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23-02-2006 | Thyroid | Article

Subclinical thyroid disease may elevate cardiovascular risk


Free abstract

Turkish research reveals that in addition to subclinical hyperthyroidism, subclinical hypothyroidism may be a risk factor for cardiovascular disease.

Although it is known that subclinical hyperthyroidism may increase a person's risk of developing cardiovascular disease, to date there are no studies examining coagulation and fibrinolytic status in patients with this condition. Moreover, the influence of subclinical hypothyroidism on such risk is controversial.

To investigate, Cihangir Erem, from Karadeniz Technical University in Trabzon, Turkey, evaluated the relationships between serum lipid profiles, thyroid hormones and hemostatic parameters in 30 patients with subclinical hypothyroidism and 20 individuals with subclinical hyperthyroidism, as well as 20 euthyroid control individuals.

Compared with control participants, total cholesterol (TC) and factor X (FX) activity was significantly increased in patients with subclinical hyperthyroidism, and participants with SHypo showed significantly elevated TC and low-density lipoprotein cholesterol levels.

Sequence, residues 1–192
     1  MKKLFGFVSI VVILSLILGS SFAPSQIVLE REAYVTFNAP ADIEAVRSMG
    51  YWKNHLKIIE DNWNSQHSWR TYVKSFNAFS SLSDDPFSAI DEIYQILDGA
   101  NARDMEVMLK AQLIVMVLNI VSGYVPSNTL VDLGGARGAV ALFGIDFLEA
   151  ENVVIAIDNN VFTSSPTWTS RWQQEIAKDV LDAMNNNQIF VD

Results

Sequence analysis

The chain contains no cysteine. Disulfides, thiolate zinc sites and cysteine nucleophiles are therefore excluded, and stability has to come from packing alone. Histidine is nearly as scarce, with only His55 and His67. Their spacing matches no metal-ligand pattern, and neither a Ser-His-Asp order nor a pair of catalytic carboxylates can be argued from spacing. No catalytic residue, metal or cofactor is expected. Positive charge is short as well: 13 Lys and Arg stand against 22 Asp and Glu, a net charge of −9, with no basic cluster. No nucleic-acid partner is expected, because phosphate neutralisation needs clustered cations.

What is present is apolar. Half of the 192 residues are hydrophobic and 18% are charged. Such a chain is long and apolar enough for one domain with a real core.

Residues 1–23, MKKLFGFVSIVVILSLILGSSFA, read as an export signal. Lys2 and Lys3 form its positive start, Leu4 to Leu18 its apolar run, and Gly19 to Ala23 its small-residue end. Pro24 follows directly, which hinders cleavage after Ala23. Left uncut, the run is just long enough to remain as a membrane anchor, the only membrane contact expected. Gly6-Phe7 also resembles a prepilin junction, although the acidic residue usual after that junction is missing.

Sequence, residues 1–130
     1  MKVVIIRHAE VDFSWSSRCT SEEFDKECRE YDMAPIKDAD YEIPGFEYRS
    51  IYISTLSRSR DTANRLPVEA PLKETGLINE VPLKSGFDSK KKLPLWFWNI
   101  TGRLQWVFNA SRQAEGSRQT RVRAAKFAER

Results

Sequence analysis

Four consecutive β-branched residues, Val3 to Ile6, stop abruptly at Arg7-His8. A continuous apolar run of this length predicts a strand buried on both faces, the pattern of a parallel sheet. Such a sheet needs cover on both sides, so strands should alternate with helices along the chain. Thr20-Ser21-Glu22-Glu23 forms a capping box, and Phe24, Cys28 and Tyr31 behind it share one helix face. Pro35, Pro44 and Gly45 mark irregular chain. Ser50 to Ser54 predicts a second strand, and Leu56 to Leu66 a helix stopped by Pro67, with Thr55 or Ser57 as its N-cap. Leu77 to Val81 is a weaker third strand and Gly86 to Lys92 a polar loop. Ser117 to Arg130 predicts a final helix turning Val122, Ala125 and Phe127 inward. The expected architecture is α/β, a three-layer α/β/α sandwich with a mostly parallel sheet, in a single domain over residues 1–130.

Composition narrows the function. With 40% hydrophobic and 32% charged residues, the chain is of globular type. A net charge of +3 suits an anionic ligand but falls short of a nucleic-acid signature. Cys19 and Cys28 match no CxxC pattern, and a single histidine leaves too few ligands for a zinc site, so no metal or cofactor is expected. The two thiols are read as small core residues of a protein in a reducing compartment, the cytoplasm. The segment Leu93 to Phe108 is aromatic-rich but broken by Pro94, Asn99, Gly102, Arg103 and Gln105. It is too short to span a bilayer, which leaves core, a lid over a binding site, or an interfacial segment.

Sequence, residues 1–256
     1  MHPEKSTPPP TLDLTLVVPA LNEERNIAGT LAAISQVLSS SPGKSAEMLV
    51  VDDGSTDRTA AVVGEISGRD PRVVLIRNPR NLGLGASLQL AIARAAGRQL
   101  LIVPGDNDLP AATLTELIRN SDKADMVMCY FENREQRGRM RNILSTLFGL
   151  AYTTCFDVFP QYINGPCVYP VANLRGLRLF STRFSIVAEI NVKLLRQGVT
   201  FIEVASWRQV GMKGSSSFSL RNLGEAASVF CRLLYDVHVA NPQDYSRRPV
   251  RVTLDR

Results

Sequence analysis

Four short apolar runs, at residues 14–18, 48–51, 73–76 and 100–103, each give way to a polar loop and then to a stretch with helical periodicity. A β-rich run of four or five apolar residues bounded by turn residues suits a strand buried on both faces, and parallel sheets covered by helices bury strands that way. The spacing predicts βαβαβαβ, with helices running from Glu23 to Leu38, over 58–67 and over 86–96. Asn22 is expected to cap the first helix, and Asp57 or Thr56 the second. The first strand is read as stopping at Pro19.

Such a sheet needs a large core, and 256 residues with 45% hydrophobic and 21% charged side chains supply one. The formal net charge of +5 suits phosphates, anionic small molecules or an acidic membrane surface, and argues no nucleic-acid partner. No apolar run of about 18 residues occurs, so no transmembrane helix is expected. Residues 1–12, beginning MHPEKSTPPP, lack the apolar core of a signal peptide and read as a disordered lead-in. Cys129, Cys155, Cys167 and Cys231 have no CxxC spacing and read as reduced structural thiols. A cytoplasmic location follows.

In addition, in individuals with subclinical hyperthyroidism, serum thyroid stimulating hormone (TSH) levels were positively correlated with FX activity, and inversely correlated with tissue plasminogen activator inhibitor-1 levels.

Patients with subclinical hyperthyroidism who had high serum TC levels were also significantly more likely to have low plasma activities of clotting factors V, VII, VIII, IX, X, and von Willebrand factor, but high levels of plasma fibrinogen levels, than those with low TC levels.

Furthermore, in individuals with subclinical hypothyroidism, serum triglyceride levels were positively correlated with plasma fibrinogen levels, serum TSH levels, plasma activities of factors V, VII, and X, and negatively correlated with plasma fibrinogen levels.

Patients with subclinical hypothyroidism were also more likely to have high levels of factors V and X, but low levels of plasminogen activator if they had high serum TC levels. Finally, serum high-density lipoprotein cholesterol levels were inversely related to factor VII activity.

Commenting on his findings, Erem stated that increased factor X activity in patients with subclinical hyperthyroidism may "represent a potential hypercoagulable state, which might augment the already existing risk for atherosclerotic complications."

He continued: "Also, subclinical hypothyroidism patients exhibit a more atherogenic lipid profile compared with healthy individuals. Therefore, subclinical hypothyroidism is also associated with an increased risk of cardiovascular disease.

"However, thyroid hormones may play a role at different levels of the complex hemostatic system in subclinical thyroid disease," he concludes.